Do you know what a plumb line is? For those of you who do not know, it is an ancient way of finding out if the building you are erecting is perpendicular to the ground. I am sure that there is an app for that these days. But even in ancient days if the building you were building was not plumb—in line with gravity, it would fall down. When we moved to TX it was right after the 1949 flood and housing was at a premium, so dad bought a house that we would
In about 750 BCE the prophet Amos hears God telling him to go to Israel (he lived in Judah) to let the people know that God was going to leave Israel because they had not built their nation’s conscience on the plumb line of God’s law. This is what we hear in our Hebrew reading this morning. Needless to say, Amos was not popular in Israel and they told him to go back to Judah where he came from. According to this account, because Israel refused to listen to the prophet God permitted the Assyrians to come and capture Israel and carried off the population in slavery. In 722 BCE Assyria dispersed 10 of the 12 Tribes of Israel and Israel was no more.
It was a bitter lesson that Judah too would also learn some 250 years later when itoverrun by the Babylonians and Amos’ prophecy was foremost in the minds of those who had returned to Jerusalem following the Babylonian Captivity.
Following the law became the most important aspect of Judaism when the Babylonian empire fell and the people of Judah returned to their land. And by the time of Jesus it was understood that if they followed the law God would remain with the people and keep the nation safe.
By Jesus’ day this concept of maintaining the law was rooted in fear not in the love of God. Jesus, who was not from Judah although he was considered a member of the tribe of Judah, found upon entering Jerusalem, the capital of Judah that perhaps all Jews were considered equal but some Jews were more equal than others. And Galileans were not among them. So we hear in Jesus’ teachings many references to the real meaning of the law. There are those who take him to task for healing on the Sabbath, or husking wheat to eat on the Sabbath. Finally one of the scribes comes to him and asks him how to achieve eternal life.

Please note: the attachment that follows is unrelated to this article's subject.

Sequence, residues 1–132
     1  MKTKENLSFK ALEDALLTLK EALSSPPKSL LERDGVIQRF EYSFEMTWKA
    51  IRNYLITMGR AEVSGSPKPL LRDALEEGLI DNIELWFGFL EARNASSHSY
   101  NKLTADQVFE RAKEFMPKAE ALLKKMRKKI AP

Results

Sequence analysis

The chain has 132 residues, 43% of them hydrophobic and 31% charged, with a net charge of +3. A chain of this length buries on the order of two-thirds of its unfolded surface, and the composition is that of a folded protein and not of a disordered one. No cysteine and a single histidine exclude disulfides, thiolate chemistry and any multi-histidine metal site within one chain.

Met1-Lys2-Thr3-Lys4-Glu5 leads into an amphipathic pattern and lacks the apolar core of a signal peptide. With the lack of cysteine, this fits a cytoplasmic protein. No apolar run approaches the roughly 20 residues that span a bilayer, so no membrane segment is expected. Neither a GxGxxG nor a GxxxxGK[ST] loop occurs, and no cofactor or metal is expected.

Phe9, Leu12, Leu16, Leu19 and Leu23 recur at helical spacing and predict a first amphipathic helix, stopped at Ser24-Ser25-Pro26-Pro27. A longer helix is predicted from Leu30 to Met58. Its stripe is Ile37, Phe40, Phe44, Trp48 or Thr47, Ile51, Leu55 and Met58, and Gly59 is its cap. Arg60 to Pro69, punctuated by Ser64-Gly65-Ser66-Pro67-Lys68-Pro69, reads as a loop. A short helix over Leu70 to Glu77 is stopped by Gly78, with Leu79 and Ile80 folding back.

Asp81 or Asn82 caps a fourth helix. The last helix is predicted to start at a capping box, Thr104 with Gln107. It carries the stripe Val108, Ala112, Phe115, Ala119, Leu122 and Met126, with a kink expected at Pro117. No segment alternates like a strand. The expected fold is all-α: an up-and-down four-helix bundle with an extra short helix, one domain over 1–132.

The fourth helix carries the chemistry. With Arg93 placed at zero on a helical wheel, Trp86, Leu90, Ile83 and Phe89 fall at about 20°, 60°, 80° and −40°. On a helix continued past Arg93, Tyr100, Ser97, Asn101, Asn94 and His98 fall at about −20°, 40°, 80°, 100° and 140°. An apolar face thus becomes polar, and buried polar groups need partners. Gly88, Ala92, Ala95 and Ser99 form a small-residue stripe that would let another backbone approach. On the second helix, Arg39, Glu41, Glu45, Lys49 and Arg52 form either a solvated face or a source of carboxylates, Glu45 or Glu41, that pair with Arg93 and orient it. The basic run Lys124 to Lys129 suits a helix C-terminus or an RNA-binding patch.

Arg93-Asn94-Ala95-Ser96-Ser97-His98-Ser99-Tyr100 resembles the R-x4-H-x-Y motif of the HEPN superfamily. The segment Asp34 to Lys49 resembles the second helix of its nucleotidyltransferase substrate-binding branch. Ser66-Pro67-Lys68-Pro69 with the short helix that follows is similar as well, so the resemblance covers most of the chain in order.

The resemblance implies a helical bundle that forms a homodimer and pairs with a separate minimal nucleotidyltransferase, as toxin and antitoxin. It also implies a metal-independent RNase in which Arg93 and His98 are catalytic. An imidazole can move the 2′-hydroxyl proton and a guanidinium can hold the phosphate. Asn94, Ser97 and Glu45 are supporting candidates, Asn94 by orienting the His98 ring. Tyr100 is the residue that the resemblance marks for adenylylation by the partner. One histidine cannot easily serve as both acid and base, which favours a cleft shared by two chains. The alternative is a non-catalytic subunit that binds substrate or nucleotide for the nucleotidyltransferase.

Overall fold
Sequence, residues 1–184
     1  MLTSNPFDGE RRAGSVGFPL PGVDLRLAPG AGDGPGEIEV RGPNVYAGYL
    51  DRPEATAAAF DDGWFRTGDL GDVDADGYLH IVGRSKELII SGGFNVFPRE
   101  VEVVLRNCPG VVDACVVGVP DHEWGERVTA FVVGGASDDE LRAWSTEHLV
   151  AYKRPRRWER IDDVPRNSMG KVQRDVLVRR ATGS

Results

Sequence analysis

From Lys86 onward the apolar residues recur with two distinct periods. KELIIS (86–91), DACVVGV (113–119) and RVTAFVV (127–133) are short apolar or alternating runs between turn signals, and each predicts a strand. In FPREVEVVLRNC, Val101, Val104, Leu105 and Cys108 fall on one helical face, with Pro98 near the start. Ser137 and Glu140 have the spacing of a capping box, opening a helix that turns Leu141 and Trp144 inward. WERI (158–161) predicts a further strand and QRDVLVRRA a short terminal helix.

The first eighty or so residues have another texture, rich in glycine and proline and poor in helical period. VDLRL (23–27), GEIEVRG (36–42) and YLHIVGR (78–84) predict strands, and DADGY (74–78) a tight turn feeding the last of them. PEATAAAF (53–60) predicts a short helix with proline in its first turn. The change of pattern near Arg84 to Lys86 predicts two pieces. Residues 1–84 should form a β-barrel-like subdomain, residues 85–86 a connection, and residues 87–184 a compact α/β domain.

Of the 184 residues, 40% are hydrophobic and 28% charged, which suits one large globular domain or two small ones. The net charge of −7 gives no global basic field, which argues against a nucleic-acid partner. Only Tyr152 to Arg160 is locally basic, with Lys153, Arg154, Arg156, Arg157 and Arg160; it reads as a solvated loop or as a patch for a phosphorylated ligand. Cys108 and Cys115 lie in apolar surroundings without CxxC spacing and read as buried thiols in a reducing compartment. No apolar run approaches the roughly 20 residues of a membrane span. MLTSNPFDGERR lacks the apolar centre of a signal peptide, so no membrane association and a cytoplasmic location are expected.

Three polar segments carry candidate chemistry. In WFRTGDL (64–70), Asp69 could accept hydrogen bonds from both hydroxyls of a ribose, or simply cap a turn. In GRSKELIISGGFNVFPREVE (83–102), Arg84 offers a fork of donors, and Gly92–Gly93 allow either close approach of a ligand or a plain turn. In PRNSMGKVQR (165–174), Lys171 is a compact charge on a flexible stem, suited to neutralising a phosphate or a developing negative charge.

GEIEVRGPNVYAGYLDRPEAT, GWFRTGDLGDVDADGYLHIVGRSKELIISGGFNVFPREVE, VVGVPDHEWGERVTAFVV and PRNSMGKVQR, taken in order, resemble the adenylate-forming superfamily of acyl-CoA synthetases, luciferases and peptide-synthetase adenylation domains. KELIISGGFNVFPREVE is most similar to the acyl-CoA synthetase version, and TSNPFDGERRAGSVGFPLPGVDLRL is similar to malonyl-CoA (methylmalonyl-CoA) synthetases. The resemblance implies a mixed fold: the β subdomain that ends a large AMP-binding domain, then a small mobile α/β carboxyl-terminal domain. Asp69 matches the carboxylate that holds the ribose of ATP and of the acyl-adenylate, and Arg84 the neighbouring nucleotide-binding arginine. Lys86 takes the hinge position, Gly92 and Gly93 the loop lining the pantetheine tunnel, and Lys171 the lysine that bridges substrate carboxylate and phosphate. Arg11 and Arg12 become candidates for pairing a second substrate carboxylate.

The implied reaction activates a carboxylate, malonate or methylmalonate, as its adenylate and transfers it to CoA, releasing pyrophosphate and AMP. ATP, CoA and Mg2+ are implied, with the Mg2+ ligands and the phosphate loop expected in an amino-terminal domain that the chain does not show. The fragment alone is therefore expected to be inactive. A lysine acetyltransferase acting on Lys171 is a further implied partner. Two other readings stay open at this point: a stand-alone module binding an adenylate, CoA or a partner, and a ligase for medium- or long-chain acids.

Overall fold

Now, eternal life was a relatively new concept in Judaism. The Sadducees did not believe in a life after death—and that included most of the priests of the Temple. So we know this scribe, described as lawyer, but was a Pharisee who was trained in Mosaic Law and was a resource to the elders of synagogues who made judgments on the people. And this scribe asked a typical religious question of a rabbi to test him as to his orthodoxy. But instead of answering, Jesus gets the man to tell him what the Law says: “You shall love the Lord your God with all your heart, and with all your soul, and with all your strength, and with all your mind; and your neighbor as yourself” the lawyer quotes from the Torah. And Jesus says “do that an you will be saved.” But then the scribe makes the mistake of asking “Who is my neighbor?” And then we get the wonderful story of the Good Samaritan. Even if you don’t go to Church you know the story of the Good Samaritan. It is part of the whole of western culture—not just because it is a good story, but it so illustrates what it means to be GOOD.
In this story Jesus confronts the exclusions that were making Judaism a mockery in his day. The Temple was supposed to be a Light to the Nations according to the Law. But only certain Jews were allowed into the Temple proper. Jesus attacks the type of ghettoizing that had taken place in Temple that only allowed certain Jews to enter. Jesus holds this Law of love, the central theme of Mosaic Law, up to the young scribe and
The story of the Good Samaritan is an indictment of religious leadership that has shunned love in order to be RIGHT. It is not for nothing that the 2 who pass by are a priest and a Levite—temple authorities who should have been the first to come to aid the victim of robbers. But they too had forgotten why they observed God’s law in the first place:
Last week I had a bit of a Good Samaritan experience. I was not paying attention to that little gas pump light on my dashboard and I ran out of gas on a fairly busy street. I am sitting there feeling like a real dunce and looking for my AAA card when a rather
The plumb line of the law of God is still among us too. It is gratitude. I do not knowwhat motivated the Good Samaritan to help the battered man; Jesus doesn't tell us. But Jesus knew that he understood the love of God, and I would guess he knew what it meant to be stranded or left alone. He knew that in gratitude and love for what God had done in his life, just like the guy who got me gas.
What in your life allows you to love? What in your life give you the kind of gratitude to go beyond social convention to love God by serving others? What makes the law of God to love others a JOY rather than a burden? All too often I hear people being so seriousabout trying to be good. Being good isn't what it is about! It is about loving. It about the abandonment to Joy that comes when you least expect it and you stand there grateful for every moment of your life, every leaf on the trees, every ray of sunshine or every drop of water that soothes our faces. When we are intentional about living out that joy, we know that we are saved. When we forget ourselves to help others we know the bliss of being loved more than we can ask or imagine. And we too become a part of the fabric of love that God is weaving among us. Gratitude is our plumb line. AMEN.